The Drugging of the American Mind
By Isiah Smith | Nov. 28, 2020
America’s war on drugs was a fraud. Paraphrasing Shakespeare, it was a “tale … full of sound and fury, signifying nothing.” Nothing, that is, but a pretext to punish disfavored individuals and groups. Addicts needing medical care were treated like hardened criminals and thrown into prisons. Murderers often received less prison time than drug offenders.
Law enforcers victimized urban communities while drug use and trafficking flourished in white suburban communities. The current decriminalization movement for simple possession came about only after authorities had to concede that, “Hey, you know what? White people are doing drugs, too! And they’re doing them a lot! Maybe it’s a medical problem, not a criminal one.” Really?
Privately, the government admitted this “war” wasn’t real. The parameters of America’s war on drugs have a distant echo that correlates closely with other official efforts to exercise raw power over disfavored groups. Government claims of moral outrage should always be met with general skepticism.
Consider this: Research shows that Blacks comprise 62.7 percent, and whites 36.7 percent of all drug offenders admitted to state prison, even though federal surveys and other data show that this disparity bears little relation to racial differences in the frequencies of drug offenses. Selective prosecution is as old as the American legal system.
This disparity was always intentional. Privately, the Nixon Administration made an astounding admission. President Nixon launched his war on drugs in 1971, declaring drug abuse “public enemy No. 1.” In an interview with Harper’s magazine in 2016, however, former Nixon domestic policy chief John Ehrlichman painted an entirely different picture:
“The Nixon White House had two enemies: the antiwar left and [B]lack people. We knew we couldn’t make it illegal to be against the war or [B]lacks, but we could get the public to associate the hippies with marijuana and blacks with heroin. Then by criminalizing both heavily, we could disrupt those communities, weaken their leaders. Did we know we were lying about the drugs? Of course we did.”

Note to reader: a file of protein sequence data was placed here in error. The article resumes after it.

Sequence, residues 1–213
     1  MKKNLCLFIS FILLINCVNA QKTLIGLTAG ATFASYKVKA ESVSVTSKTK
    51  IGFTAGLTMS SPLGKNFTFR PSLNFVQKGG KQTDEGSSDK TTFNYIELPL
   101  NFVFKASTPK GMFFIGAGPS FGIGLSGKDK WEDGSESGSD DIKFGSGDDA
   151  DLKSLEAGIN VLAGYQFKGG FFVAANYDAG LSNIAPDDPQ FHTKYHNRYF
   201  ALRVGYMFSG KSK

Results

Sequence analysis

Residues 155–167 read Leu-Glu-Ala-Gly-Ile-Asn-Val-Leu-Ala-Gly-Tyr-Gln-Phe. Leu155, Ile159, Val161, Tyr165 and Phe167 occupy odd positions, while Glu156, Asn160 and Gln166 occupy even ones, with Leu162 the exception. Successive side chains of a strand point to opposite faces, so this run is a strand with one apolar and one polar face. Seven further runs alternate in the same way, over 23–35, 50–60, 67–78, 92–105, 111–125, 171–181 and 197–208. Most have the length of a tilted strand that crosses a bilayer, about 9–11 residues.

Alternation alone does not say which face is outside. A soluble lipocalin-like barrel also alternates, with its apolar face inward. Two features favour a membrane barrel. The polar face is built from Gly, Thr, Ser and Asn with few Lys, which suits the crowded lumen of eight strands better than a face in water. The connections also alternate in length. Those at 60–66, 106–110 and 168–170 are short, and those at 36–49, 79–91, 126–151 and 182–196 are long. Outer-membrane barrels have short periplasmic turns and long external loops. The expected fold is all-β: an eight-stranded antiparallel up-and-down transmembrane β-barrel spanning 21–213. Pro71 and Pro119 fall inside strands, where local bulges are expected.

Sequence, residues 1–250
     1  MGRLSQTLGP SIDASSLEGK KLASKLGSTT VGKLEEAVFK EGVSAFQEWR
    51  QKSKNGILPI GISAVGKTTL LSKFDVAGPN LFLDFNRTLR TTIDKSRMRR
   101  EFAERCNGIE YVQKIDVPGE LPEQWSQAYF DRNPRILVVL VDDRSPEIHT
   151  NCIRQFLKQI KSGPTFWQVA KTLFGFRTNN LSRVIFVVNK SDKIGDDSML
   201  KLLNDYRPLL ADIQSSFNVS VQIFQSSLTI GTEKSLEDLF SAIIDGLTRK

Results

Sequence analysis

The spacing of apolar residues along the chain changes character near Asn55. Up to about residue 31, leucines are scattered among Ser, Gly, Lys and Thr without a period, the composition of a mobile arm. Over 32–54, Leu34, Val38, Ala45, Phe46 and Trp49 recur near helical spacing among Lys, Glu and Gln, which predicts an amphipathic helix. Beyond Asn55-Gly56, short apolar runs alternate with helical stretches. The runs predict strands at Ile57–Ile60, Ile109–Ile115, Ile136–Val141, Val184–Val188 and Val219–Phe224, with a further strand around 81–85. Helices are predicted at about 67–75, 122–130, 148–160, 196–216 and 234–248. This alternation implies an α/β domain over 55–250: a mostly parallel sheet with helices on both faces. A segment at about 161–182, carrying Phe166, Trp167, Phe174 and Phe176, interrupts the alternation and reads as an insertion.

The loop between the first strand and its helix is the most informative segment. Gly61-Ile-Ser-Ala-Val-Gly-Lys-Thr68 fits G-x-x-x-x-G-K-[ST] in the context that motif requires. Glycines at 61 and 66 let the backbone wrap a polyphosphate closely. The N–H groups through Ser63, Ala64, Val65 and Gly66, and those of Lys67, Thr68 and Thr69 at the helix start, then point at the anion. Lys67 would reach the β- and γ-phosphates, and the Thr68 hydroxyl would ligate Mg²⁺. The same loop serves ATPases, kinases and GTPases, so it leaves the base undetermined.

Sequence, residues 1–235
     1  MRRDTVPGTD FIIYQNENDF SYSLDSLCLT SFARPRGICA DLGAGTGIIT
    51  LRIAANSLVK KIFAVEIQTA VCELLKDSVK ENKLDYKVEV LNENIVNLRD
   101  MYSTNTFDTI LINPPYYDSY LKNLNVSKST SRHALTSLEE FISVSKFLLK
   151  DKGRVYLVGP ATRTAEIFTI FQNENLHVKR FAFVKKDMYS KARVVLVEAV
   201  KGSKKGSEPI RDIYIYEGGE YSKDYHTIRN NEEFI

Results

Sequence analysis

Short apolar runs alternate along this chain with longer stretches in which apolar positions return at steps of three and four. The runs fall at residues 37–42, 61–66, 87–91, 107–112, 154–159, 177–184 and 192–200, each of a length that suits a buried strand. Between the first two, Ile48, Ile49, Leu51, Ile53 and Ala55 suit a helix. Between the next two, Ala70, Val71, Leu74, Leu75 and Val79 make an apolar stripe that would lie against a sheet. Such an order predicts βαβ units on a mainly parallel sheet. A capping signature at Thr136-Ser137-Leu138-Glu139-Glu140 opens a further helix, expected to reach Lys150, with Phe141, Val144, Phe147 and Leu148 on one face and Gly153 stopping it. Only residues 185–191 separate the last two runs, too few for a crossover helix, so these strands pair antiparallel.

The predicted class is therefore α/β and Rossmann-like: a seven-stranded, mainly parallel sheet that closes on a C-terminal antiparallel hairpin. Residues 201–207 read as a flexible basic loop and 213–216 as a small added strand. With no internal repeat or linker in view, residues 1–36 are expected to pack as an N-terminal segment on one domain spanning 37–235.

The lying didn’t just start with the Nixon Administration. Billy Holiday started shooting heroin in her mid-20s. The Federal Bureau of Narcotics assigned several agents to Lady Day’s case during the late 1940s. They busted her on multiple occasions, including a 1947 conviction that sent her to Alderson Federal Prison Camp, in West Virginia, for almost a year.
By the time Holiday finally collapsed, in 1959, she was 44 and beyond recovery. She was emaciated, suffering from cirrhosis of the liver, and covered in old track marks. After getting checked into Metropolitan Hospital, narcotics agents found (or planted) a tinfoil pouch of heroin in her hospital room. As Leslie Jamison shares in her 2018 book, “The Recovering: Intoxication and its Aftermath,” Holiday was handcuffed to her bed, two policemen stationed by the door. Her mug shot and fingerprints were taken in that room at Metropolitan.
The drug agents were reading from a racist script that viewed Black users as deviant criminals, but white users as victims needing medical attention. Harry Anslinger, one of the agents assigned to Holiday’s case, hounded her incessantly over the years. At the same time he was hunting Holiday, he reportedly told Judy Garland that she should kick her heroin habit by taking longer vacations between movie shoots!
On November 6, 1982, Mercury Morris, the former Miami Dolphins star running back, was convicted of trafficking in cocaine. The facts tell a different story. After his football career was over, Morris became addicted to cocaine. Hearing this, and desiring a big drug bust in a city awash in cocaine, DEA agents repeatedly urged Morris to obtain cocaine for them. When he finally delivered, he was arrested, convicted of trafficking, and sentenced to 20 years in prison. After serving three years, he was released on probation.
This writer has relatives in Miami who still believe Morris was a drug trafficker; such is the strength of government propaganda.
In 1994, a man named Michael Thomas received a life sentence in Michigan for selling a pound of marijuana; today he would be considered a successful entrepreneur. The list goes on.
Now, however, the drug abuse problem in America has gotten worse. The government estimates that 10 percent of U.S. adults have drug-use disorders at some point in their lives. This estimate is partly based on self-reporting and is probably low. Drug use and sex are the most frequently lied-about activities in America.
After the government finally realized that whites also abused drugs, they decided users needed compassion and treatment, not punishment. Red and blue states are increasingly voting to liberalize drug laws. Oregon in the most recent election even passed a referendum that would decriminalize possession of hard drugs like cocaine and heroin.
As Michelle Alexander wrote in her 2010 book, “The New Jim Crow: Mass Incarceration in the Age of Colorblindness,” “Nothing has contributed more to the systematic mass incarceration of [black] people in [America] than the war on drugs.”
American’s war on drugs is a stark reminder that the government’s actions are seldom animated by purity of purpose. Just ask its real victims, Black and brown communities.
Isiah Smith, Jr. is a retired government attorney.